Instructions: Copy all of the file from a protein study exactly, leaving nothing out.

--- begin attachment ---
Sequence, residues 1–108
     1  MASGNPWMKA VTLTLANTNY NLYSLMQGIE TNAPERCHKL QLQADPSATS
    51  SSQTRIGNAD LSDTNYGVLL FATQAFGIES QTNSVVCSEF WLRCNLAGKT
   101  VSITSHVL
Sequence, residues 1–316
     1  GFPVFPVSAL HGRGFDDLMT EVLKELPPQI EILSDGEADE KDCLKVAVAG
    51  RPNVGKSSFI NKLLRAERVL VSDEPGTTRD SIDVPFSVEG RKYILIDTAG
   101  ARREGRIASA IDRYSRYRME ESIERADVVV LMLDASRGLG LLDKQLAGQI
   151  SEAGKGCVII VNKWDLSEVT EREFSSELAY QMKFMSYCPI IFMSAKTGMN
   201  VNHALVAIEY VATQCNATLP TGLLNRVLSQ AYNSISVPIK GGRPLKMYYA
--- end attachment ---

Sequence, residues 1–108
     1  MASGNPWMKA VTLTLANTNY NLYSLMQGIE TNAPERCHKL QLQADPSATS
    51  SSQTRIGNAD LSDTNYGVLL FATQAFGIES QTNSVVCSEF WLRCNLAGKT
   101  VSITSHVL
Sequence, residues 1–316
     1  GFPVFPVSAL HGRGFDDLMT EVLKELPPQI EILSDGEADE KDCLKVAVAG
    51  RPNVGKSSFI NKLLRAERVL VSDEPGTTRD SIDVPFSVEG RKYILIDTAG
   101  ARREGRIASA IDRYSRYRME ESIERADVVV LMLDASRGLG LLDKQLAGQI
   151  SEAGKGCVII VNKWDLSEVT EREFSSELAY QMKFMSYCPI IFMSAKTGMN
   201  VNHALVAIEY VATQCNATLP TGLLNRVLSQ AYNSISVPIK GGRPLKMYYA